Christian man dating jewish women
The 2000 National Jewish Population Survey found that only a third of interfaith couples raise their children Jewish, despite increasing efforts in the Reform and Conservative communities to welcome interfaith couples.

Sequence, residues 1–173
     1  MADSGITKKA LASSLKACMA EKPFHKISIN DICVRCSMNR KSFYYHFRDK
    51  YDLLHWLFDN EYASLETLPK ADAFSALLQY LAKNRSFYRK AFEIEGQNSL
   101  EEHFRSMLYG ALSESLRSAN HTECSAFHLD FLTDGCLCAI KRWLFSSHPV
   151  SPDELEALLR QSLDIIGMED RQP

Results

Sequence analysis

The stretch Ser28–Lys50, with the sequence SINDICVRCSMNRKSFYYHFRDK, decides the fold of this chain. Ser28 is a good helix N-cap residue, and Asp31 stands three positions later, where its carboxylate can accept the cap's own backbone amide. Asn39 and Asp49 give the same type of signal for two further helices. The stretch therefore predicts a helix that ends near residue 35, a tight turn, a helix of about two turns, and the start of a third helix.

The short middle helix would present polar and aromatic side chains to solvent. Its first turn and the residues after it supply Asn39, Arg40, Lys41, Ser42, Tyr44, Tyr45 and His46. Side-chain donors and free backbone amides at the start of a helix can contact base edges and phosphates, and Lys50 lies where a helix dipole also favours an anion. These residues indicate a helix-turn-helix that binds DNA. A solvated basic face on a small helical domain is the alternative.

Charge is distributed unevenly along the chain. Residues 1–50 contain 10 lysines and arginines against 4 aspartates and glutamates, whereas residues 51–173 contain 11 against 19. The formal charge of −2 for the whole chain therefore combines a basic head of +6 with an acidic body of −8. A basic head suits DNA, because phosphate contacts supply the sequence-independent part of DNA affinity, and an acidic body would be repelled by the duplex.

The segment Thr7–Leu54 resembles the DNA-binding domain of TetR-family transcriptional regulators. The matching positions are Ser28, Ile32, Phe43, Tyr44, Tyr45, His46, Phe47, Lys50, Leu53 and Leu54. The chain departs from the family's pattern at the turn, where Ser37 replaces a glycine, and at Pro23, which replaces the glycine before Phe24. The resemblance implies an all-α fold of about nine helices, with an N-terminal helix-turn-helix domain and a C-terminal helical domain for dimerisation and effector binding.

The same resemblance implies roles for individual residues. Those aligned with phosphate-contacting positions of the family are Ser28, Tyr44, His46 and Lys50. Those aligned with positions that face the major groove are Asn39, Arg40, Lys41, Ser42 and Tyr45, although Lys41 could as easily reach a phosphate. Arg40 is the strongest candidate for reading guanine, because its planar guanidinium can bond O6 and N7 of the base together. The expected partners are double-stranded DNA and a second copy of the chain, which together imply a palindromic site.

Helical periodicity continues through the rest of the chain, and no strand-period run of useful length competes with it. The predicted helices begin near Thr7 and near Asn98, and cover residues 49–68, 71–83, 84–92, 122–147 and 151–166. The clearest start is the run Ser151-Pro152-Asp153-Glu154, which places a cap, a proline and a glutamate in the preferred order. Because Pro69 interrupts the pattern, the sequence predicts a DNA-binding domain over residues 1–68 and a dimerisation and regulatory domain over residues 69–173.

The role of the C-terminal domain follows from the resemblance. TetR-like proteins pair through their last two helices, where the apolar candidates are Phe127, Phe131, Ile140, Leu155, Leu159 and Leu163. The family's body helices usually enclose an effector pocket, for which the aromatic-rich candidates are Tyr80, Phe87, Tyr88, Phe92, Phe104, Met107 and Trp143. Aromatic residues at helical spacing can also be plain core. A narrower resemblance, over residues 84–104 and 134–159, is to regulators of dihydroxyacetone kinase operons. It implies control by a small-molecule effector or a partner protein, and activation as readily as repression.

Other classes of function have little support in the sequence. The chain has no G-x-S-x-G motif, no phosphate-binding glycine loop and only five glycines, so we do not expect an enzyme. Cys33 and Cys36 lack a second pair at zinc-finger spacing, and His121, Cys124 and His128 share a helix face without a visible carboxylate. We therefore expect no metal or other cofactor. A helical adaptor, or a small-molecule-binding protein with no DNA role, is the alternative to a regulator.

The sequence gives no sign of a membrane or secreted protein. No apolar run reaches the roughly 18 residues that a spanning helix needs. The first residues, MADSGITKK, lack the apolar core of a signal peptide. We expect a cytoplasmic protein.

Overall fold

In addition, the Noahic commandments are applied more leniently to non-Jews than the corresponding commandments are to Jews, because non-Jews do not have the benefit of Oral Torah to guide them in interpreting the laws.For example, worshipping G-d in the form of a man would constitute idolatry for a Jew; however, according to some sources, the Christian worship of Jesus does not constitute idolatry for non-Jews. The word "goy" means "nation," and refers to the fact that goyim are members of other nations, that is, nations other than the Children of Israel.There is nothing inherently insulting about the word "goy." In fact, the Torah occasionally refers to the Jewish people using the term "goy." Most notably, in Exodus 19:6, G-d says that the Children of Israel will be "a kingdom of priests and a holy nation," that is, a goy kadosh.The word shiksa is most commonly used to refer to a non-Jewish woman who is dating or married to a Jewish man, which should give some indication of how strongly Jews are opposed to the idea of intermarriage.The term shkutz is most commonly used to refer to an anti-Semitic man.Although we refer to ourselves as G-d's chosen people, we do not believe that G-d chose the Jews because of any inherent superiority.According to the Talmud (Avodah Zarah 2b), G-d offered the Torah to all the nations of the earth, and the Jews were the only ones who accepted it.The Torah states that the children of such marriages would be lost to Judaism (Deut.7:3-4), and experience has shown the truth of this passage all too well.Clearly, these are not the ideas of a people who think they are better than other nations.Because of our acceptance of Torah, Jews have a special status in the eyes of G-d, but we lose that special status when we abandon Torah.